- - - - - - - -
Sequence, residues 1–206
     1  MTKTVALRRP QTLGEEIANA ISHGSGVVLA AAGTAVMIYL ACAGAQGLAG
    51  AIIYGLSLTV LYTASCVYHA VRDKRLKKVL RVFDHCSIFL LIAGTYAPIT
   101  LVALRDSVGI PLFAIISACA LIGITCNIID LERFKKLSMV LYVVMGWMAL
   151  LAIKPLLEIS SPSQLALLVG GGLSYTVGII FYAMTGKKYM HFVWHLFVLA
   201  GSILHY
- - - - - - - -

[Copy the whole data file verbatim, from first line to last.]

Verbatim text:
Sequence, residues 1–206
     1  MTKTVALRRP QTLGEEIANA ISHGSGVVLA AAGTAVMIYL ACAGAQGLAG
    51  AIIYGLSLTV LYTASCVYHA VRDKRLKKVL RVFDHCSIFL LIAGTYAPIT
   101  LVALRDSVGI PLFAIISACA LIGITCNIID LERFKKLSMV LYVVMGWMAL
   151  LAIKPLLEIS SPSQLALLVG GGLSYTVGII FYAMTGKKYM HFVWHLFVLA
   201  GSILHY